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Multiple politico-economic regimes, inequality and growth

Author

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  • Desdoigts, Alain
  • Moizeau, Fabien

Abstract

In this paper, we abandon the stylized median voter and study (i) how distributional tensions can act in many different ways depending on social affinity and on the prospect of upward or downwardmobility of the different income classes, (ii) income distribution dynamics, intergenerational community formation and growth. In a world in which redistributive policies, whether fiscal or educational, affect how the entire economy breaks up into different communities, we find multiple politico-economic regimes that are supported by new international empirical evidence. In particular, we highlight a political economy decision mechanism through which the pressure for redistribution can be highly non linear therefore providing an explanation as to whymore inequality can be associated with less, rather than more, redistributive taxation. Our framework displays multiple steady states which depend on historical economic discrimination. We also provide sufficient conditions on the initial pattern of income distribution and local versus social spillovers ratio under which inequality and segregation persist in the long run.

Suggested Citation

  • Desdoigts, Alain & Moizeau, Fabien, 2001. "Multiple politico-economic regimes, inequality and growth," SFB 373 Discussion Papers 2001,65, Humboldt University of Berlin, Interdisciplinary Research Project 373: Quantification and Simulation of Economic Processes.
  • Handle: RePEc:zbw:sfb373:200165
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    1. Barham, Vicky & Boadway, Robin & Marchand, Maurice & Pestieau, Pierre, 1997. "Volunteer work and club size: Nash equilibrium and optimality," Journal of Public Economics, Elsevier, vol. 65(1), pages 9-22, July.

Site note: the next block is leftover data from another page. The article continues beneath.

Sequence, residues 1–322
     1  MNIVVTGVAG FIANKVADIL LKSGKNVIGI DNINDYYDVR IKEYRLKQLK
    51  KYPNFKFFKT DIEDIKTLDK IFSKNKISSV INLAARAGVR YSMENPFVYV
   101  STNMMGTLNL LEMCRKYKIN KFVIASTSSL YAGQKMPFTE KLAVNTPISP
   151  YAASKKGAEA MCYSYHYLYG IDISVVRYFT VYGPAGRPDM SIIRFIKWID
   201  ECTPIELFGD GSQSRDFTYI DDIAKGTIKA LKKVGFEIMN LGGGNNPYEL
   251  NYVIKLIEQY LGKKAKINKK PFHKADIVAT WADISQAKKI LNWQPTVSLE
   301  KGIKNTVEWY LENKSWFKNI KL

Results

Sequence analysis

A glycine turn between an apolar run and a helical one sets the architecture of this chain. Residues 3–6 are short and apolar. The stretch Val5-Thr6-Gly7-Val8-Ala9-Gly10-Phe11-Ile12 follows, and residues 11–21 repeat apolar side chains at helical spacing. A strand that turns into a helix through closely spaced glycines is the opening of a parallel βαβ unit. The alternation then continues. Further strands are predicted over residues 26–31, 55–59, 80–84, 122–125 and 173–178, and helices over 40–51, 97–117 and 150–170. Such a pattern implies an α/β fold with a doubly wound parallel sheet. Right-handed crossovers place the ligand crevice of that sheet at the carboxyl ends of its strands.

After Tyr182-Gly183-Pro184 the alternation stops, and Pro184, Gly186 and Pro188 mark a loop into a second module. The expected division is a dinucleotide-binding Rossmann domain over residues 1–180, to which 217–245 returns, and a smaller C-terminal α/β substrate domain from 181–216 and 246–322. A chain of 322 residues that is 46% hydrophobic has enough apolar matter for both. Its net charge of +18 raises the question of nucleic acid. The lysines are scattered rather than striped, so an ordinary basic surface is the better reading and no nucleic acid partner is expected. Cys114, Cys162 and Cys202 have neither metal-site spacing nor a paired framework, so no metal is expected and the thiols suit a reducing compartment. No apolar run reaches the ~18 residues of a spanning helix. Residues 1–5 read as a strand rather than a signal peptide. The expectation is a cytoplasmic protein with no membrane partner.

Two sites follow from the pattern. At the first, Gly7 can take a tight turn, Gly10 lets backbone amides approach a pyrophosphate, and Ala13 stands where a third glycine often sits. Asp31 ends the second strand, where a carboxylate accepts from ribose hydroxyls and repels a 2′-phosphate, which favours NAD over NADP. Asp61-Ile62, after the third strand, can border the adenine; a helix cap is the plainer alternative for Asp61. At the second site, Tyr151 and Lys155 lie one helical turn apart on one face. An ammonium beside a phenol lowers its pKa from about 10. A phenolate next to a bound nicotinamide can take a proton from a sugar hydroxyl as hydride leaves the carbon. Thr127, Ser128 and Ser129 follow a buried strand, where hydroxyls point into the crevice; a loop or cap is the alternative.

2. Oded Galor & Joseph Zeira, 1993. "Income Distribution and Macroeconomics," Review of Economic Studies, Oxford University Press, vol. 60(1), pages 35-52.
    3. Streufert, Peter, 2000. " The Effect of Underclass Social Isolation on Schooling Choice," Journal of Public Economic Theory, Association for Public Economic Theory, vol. 2(4), pages 461-482.
    4. Fisher, Gordon R. & McAleer, Michael, 1981. "Alternative procedures and associated tests of significance for non-nested hypotheses," Journal of Econometrics, Elsevier, vol. 16(1), pages 103-119, May.
    5. Tamura, Robert, 1991. "Income Convergence in an Endogenous Growth Model," Journal of Political Economy, University of Chicago Press, vol. 99(3), pages 522-540, June.
    6. Epple, Dennis & Romano, Richard E., 1996. "Ends against the middle: Determining public service provision when there are private alternatives," Journal of Public Economics, Elsevier, vol. 62(3), pages 297-325, November.
    7. Figini, P, 1999. "Inequality and Growth Revisited," Trinity Economics Papers 992, Trinity College Dublin, Department of Economics.
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    More about this item

    Keywords

    growth; Community formation; human capital; redistribution; social mobility;

    JEL classification:

    • D31 - Microeconomics - - Distribution - - - Personal Income and Wealth Distribution
    • H2 - Public Economics - - Taxation, Subsidies, and Revenue
    • I22 - Health, Education, and Welfare - - Education - - - Educational Finance; Financial Aid
    • J62 - Labor and Demographic Economics - - Mobility, Unemployment, Vacancies, and Immigrant Workers - - - Job, Occupational and Intergenerational Mobility; Promotion
    • P16 - Economic Systems - - Capitalist Systems - - - Political Economy of Capitalism

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